From Byzantine Constantinople to Ottoman Konstantiniyye: Creation of a Cosmopolitan Capital and Visual Culture under Sultan Mehmed II

An article from Harvard University by Gulru Necipoglu

Introduction: The conquest of Constantinople engendered Mehmed II’s lifelong ambition to revive the ruinous city’s ancient status as the prosperous capital of a world empire.

This essay interprets the sultan’s negotiation of the western and eastern cultural horizons of his rapidly expanding domains through visual cosmopolitanism, a process of “creative translation” and fusion that contributed to the construction of a multifaceted imperial identity.

Mehmed II engaged with diverse artistic traditions in refashioning his public persona and self-image upon the reconstructed stage of his new capital, which continued to be called Kostantiniyye (Costantinopolis), alongside its popular name, Istanbul (from the Greek eis tin polin, meaning “to the city,).

Strategically situated at the juncture of two continents (Asia, Europe) and two seas (Black Sea, Mediterranean), this was the ideal center for an emerging empire that combined Perso-Islamic, Turco-Mongol, and RomanByzantine traditions of universal sovereignty.

You can read the complete essay by downloading the pdf: click here. It is about 5 Mb so give it a chance to download!

Related category:

The Fall of Constantinople 1453

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About proverbs6to10

Interested in Byzantium and Patrick Leigh Fermor
This entry was posted in History, Istanbul, The Fall of Constantinople 1453 and tagged , , , , , , , . Bookmark the permalink.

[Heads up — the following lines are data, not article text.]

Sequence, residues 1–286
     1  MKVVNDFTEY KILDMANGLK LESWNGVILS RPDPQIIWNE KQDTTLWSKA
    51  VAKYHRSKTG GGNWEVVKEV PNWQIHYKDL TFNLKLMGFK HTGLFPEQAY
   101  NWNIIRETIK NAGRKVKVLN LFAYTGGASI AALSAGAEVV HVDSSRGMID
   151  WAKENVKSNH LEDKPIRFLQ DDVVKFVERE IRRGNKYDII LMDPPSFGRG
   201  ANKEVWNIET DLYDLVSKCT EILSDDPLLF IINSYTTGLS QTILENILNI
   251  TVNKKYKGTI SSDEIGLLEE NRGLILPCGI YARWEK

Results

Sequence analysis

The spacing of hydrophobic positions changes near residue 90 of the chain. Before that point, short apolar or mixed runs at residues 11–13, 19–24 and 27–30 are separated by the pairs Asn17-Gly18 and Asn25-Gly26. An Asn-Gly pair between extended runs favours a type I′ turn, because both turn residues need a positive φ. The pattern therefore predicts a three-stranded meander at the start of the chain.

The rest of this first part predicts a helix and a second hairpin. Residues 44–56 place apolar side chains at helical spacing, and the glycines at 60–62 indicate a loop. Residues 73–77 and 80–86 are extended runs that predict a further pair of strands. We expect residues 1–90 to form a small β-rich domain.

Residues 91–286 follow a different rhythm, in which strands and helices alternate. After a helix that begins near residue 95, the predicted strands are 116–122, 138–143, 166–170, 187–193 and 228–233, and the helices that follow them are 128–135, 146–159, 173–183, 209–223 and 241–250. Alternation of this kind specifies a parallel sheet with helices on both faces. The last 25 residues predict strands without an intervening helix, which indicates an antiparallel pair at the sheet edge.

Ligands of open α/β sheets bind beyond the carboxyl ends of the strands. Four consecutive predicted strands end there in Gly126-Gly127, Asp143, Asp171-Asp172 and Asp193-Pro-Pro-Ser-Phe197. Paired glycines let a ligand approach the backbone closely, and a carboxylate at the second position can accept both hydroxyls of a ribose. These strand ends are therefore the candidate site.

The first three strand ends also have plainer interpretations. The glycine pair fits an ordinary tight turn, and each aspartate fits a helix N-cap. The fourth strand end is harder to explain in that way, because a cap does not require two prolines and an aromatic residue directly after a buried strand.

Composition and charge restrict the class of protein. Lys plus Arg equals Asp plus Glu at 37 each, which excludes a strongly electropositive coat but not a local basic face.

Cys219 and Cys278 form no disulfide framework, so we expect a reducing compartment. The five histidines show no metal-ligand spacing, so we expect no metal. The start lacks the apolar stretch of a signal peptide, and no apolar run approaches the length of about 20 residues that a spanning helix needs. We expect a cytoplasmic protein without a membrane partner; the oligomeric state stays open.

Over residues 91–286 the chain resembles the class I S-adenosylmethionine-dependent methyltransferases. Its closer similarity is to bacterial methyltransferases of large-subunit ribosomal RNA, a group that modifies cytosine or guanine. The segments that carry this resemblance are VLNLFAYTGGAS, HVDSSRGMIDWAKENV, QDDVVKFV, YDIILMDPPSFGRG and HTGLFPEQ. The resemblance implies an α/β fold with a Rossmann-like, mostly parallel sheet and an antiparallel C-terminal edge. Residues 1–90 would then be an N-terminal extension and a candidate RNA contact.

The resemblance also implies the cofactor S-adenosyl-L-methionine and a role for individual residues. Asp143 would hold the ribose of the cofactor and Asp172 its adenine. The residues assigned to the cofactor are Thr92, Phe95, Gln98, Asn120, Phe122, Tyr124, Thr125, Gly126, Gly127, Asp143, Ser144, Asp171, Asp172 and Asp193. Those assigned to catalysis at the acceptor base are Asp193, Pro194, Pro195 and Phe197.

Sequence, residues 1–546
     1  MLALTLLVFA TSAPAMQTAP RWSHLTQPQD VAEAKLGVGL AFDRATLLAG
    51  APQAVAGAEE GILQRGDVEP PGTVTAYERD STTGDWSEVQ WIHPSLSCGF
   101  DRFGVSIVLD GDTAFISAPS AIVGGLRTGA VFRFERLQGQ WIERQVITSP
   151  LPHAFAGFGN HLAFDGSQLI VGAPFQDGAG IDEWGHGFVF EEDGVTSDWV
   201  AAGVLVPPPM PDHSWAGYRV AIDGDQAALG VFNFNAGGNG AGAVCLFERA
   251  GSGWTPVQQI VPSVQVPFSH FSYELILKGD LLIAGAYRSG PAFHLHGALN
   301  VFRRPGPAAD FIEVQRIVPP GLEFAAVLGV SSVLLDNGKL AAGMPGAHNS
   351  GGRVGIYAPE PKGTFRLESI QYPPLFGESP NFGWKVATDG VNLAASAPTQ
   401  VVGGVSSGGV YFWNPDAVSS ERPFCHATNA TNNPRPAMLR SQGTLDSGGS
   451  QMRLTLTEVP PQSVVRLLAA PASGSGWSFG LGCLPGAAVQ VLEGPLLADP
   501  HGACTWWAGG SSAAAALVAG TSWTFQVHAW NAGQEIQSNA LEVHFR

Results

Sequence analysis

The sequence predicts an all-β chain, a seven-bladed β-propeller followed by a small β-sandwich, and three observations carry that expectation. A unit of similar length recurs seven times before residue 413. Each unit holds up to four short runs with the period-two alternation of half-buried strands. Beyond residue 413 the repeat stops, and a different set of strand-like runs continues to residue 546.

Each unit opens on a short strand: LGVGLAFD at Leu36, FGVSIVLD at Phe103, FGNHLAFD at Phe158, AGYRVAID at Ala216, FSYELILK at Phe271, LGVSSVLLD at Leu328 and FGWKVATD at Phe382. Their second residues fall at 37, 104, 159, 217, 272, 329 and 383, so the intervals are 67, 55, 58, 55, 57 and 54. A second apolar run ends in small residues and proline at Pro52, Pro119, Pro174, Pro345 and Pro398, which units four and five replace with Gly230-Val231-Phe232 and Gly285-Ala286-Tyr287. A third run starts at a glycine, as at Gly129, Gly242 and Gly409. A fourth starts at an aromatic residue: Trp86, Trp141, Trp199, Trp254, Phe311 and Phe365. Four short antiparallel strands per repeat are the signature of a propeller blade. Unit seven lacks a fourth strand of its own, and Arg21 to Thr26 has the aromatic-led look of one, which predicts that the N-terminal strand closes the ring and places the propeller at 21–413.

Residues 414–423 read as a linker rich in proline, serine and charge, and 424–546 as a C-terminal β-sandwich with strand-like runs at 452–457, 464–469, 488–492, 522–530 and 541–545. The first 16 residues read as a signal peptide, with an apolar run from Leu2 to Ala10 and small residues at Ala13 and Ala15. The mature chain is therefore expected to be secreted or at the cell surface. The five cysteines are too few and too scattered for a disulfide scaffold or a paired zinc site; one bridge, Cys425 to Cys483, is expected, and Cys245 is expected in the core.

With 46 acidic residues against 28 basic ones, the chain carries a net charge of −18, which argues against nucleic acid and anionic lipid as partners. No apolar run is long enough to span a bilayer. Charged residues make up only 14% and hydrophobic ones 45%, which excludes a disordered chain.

2 Responses to From Byzantine Constantinople to Ottoman Konstantiniyye: Creation of a Cosmopolitan Capital and Visual Culture under Sultan Mehmed II

  1. stelianos says:

    quoting: “Istanbul (from the Greek eis tin polin, meaning “to the city,)”

    I’m genuinely curious, not about who has come up with this inaccurate idea in the first place, but why this absurdity has become so widespread of a rumor…

    http://sites.google.com/site/romeandromania/romania/stampoli/english

  2. kamateros says:

    http://sites.google.com/site/romeandromania/hellenism/stampoli/english
    firstly Constantinopolis was shortened in greek into Stampoli. Subsequently, the vulgar name of the imperial capital, “Stampoli”, underwent an altaic transformation during the 16th c, becoming “Istanbul”, as much as the fancy name of the slavic town of Velesbud (Велбъжд), that is “Constantinopol”, had also experienced an altaic transformation during the 14th c, becoming “Kyustendil”, a name used up to now by the Bulgarians (Кюстендил). Cases similar to the “Stampoli” –> “Istanbul” name transformation, are well attested in the Uralic – Altaic Language Group.

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